0:05:17.2 SD: And I’ve heard sometimes the scammers ask for things like for gift cards. Are those the types of things that we should be worried for? If they call and say, “I’m in jail. I need $500 in gift cards … ”

0:05:27.3 KD: Yeah.

0:05:27.9 SD: Is that what we should be worried about?

0:05:29.2 KD: Gift cards are a huge red flag. Don’t go out and buy a ton of gift cards. But also withdrawing large amounts of money, depositing in Bitcoin ATMs, or even … Recently I’ve heard as mailing cash. Someone mailing $10,000 in a FedEx envelope to whomever. Yes. So, any time the money is requested at any type of avenue, you can go ahead and assume that that’s a scam.

0:05:51.1 LJJ: Now, one of the scams that I’ve heard about are where they look at pockets of the population that might be in stress. I was with some friends of ours whose daughter just graduated from med school. And when she was at the height of applying for all of her residencies, she’s freaking out because she’s doing all of her work, study, and has to get her fellowships. And she gets a phone call, very similar, saying, “You owe this because of something that happened, and if you don’t pay it now, it’s going on your record.” The stress level then is so much higher, so you automatically think it’s true.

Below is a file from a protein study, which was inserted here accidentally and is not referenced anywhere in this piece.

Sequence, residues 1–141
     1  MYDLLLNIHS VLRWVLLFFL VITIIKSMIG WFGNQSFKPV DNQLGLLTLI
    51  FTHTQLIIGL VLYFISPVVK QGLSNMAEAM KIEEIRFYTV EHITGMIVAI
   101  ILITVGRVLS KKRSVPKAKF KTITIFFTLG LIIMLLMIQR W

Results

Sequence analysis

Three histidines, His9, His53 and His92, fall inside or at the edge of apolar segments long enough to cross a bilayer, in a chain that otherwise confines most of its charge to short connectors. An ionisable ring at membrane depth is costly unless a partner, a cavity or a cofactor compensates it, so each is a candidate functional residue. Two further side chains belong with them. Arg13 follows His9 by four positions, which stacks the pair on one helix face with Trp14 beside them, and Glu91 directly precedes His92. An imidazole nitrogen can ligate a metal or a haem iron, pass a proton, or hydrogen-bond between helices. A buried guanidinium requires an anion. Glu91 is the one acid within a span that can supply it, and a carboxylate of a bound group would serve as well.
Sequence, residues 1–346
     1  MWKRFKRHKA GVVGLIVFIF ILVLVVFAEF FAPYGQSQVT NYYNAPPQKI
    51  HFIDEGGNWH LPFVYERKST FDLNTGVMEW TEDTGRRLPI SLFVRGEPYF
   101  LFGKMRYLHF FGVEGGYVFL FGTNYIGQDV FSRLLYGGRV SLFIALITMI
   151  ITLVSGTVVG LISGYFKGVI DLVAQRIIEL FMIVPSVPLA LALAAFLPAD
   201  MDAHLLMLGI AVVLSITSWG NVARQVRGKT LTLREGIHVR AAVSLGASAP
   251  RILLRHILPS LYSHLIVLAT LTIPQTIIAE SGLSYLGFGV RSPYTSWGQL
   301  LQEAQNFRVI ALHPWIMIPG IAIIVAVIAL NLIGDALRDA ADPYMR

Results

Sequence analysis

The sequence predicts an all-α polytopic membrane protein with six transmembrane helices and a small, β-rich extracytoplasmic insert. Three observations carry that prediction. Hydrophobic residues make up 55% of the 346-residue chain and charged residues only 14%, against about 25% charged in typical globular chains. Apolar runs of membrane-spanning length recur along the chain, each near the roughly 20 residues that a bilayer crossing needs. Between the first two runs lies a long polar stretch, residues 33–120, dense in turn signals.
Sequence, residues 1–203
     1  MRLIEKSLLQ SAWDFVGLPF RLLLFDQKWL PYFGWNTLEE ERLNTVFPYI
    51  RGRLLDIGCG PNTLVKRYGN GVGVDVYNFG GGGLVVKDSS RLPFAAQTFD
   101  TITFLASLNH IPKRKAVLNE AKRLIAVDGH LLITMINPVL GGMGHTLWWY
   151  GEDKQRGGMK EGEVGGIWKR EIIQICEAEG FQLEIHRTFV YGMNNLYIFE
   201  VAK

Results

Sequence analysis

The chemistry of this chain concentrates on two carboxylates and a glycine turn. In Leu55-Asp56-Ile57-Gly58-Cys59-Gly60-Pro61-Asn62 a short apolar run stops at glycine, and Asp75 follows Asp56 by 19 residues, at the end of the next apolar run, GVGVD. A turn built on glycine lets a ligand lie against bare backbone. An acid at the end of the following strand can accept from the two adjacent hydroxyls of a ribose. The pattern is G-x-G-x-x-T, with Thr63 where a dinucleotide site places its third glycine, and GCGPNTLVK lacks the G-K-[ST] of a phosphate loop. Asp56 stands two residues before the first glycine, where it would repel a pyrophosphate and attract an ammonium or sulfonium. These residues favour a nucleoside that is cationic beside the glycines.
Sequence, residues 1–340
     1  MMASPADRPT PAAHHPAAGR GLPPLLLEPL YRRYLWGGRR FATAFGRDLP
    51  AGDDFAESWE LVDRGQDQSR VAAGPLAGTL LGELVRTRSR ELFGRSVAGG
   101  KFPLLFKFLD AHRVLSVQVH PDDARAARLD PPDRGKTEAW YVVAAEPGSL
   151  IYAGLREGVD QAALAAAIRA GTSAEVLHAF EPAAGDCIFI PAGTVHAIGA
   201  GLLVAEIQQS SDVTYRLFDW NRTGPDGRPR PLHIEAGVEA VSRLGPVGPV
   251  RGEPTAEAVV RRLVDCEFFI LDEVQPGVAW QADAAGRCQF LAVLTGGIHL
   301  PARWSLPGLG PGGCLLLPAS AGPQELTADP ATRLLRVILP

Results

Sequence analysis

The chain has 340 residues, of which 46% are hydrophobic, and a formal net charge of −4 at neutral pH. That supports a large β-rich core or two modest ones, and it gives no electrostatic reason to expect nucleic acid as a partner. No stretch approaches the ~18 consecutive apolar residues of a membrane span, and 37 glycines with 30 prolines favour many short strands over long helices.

0:06:27.6 KD: Right, 100%. As we know with the scam that you shared, that you fell for, they will get you in a moment where you’re emotionally vulnerable, and they will use that in order to gather more information that you wouldn’t normally give if you were able to think calmly.

0:06:41.1 SD: So, if they’re asking you for information immediately, right now, that should be a red flag that possibly something’s going wrong.

0:06:47.0 KD: 100%. And we should always take a breath and consider what is actually happening. “Hey, what information are they asking me to provide? Does this seem normal for me to provide this type of information?”

0:06:57.1 LJJ: Tell me about membership right now. You are the one that is receiving, your awesome team receives the calls of where there might be a red flag and we want to help protect the membership. Is there something trending right now?